DENVER – A woman who says she was forced to give birth alone in a cold jail cell has filed a federal lawsuit against the City and County of Denver, Denver Health and Hospitals, and several deputies and nurses, alleging they ignored her pleas for help.
Diana Sanchez gave birth to a boy on July 31, 2018, after five hours of labor.
“She was passing blood. She cried out in pain,” attorney Mari Newman said. “She was writhing as video shows, and yet Denver and Denver Health wouldn’t take her to the hospital so she could give birth in a safe sterile environment.”
Newman said the staff “decided to wait until they had finished their administrative work because they still had bookings to do.”
According to the lawsuit, Sanchez told deputies and nurses “at least eight times,” that she was experiencing contractions, and that the only response was when a nurse slid an absorbent pad under the door.
“They work on the presumption that every inmate who expresses any sort of a medical need must be exaggerating or faking, or simply making things up,” Newman said.
Sanchez was in jail on a minor charge.
“She had cashed a check that belonged to her sister,” Newman said. “She took full accountability for that. She pleaded guilty and was sentenced to two-years of probation, which she served.”
Jail cell video obtained by Denver7 shows Sanchez, distraught at times, lying down on the bed, and apparently crying in pain. She gave birth at 10:44 a.m.
“A nurse finally strolls in and picks up the baby, as though it’s an alien dropped in from outer space,” Newman said. “He picked up the baby, patted it on the back a little, as though he had no idea to care for a baby. He didn’t rub or warm the baby. He didn’t
remove the mucus from the baby’s throat or nose.”
Newman said the medical kit apparently didn’t include a clamp to tie off the umbilical cord.
“Ms. Sanchez was told when she got to the hospital that she was lucky she hadn’t bled to death," Newman said.
Newman told Denver7 she was surprised that no one has been disciplined.
“In fact,” she said, "Denver did its own internal investigation and astoundingly determined that nobody had done anything wrong. Now if Internal Affairs believes nobody did anything wrong when a woman gives birth in a dirty jail cell, feet away from a toilet, with no medical assistance whatsoever, something is profoundly wrong with Denver’s jails and systems.”
Eleven years ago, the city and Denver Health agreed to make significant changes in how they handle inmates with medical issues after Emily Rice died in her jail cell from untreated injuries suffered in a car crash.
Hospital staff didn’t take x-rays before sending her to jail, and jail staff ignored her cries for help.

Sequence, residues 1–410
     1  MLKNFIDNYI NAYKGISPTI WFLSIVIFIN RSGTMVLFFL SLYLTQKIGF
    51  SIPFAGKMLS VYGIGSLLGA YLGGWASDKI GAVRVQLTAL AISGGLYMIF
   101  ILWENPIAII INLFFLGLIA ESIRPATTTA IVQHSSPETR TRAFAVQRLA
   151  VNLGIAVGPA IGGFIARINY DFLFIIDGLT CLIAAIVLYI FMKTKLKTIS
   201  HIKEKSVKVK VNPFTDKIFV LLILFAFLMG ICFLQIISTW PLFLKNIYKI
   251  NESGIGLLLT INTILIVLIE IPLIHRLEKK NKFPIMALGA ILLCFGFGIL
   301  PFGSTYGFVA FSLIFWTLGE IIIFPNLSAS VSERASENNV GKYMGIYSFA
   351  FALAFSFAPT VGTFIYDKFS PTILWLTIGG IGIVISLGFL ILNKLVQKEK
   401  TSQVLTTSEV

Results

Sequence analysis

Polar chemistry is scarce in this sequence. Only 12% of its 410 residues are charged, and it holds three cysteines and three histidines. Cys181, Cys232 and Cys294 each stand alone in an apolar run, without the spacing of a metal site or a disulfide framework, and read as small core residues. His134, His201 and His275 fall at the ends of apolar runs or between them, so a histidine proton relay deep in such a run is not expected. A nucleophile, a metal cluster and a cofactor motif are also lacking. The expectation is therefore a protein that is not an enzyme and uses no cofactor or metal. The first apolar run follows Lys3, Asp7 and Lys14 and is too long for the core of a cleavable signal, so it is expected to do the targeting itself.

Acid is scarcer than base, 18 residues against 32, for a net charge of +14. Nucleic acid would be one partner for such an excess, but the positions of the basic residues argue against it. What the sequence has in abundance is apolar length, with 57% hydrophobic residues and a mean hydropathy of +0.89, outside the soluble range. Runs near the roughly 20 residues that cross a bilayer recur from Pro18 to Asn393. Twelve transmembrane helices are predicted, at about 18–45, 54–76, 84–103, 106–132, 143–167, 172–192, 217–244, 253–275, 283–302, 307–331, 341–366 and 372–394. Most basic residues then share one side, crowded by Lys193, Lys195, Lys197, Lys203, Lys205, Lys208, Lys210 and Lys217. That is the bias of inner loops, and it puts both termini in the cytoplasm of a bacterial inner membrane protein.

“After years of litigation, the case was ultimately settled by Denver and Denver Health for (a total of) $7-million, plus a legally binding commitment that they would do additional training and policy changes to make sure that Denver jail staff knows that it is not simply enough to pass off to a nurse. They need to take it up the chain of command until medical care is provided, and if necessary, themselves call 911.”
Denver Health Response
Denver7 reached out to both Denver Health and the Denver Sheriff Department for a response to the lawsuit.
Denver Health replied in a statement that it provides high quality medical care to thousands of inmates every year.
“Our patients are our number one priority and we make every effort to ensure they receive the proper care,” the statement said. “As this is a pending legal matter, we are not able to comment at this time.”
Denver Sheriff Response
The Denver Sheriff Department said it empathizes with anyone who is in jail while pregnant, including Ms. Sanchez.
In a statement sent to Denver7, the Sheriff Department also stated:
“We contract with Denver Health Medical to provide comprehensive medical care at both of our jails. Denver Health medical professionals are housed in the jail facilities and have dedicated medical units to provide medical services for those in our care. Ms. Sanchez was in the medical unit and under the care of Denver health medical professionals at the time she gave birth. To make sure nothing like this happens again, the Denver Sheriff Department has changed its policies to ensure that pregnant inmates who are in any stage of labor are now transported immediately to the hospital. Unfortunately, because there is a lawsuit pending, we are unable to provide further comment at this time.”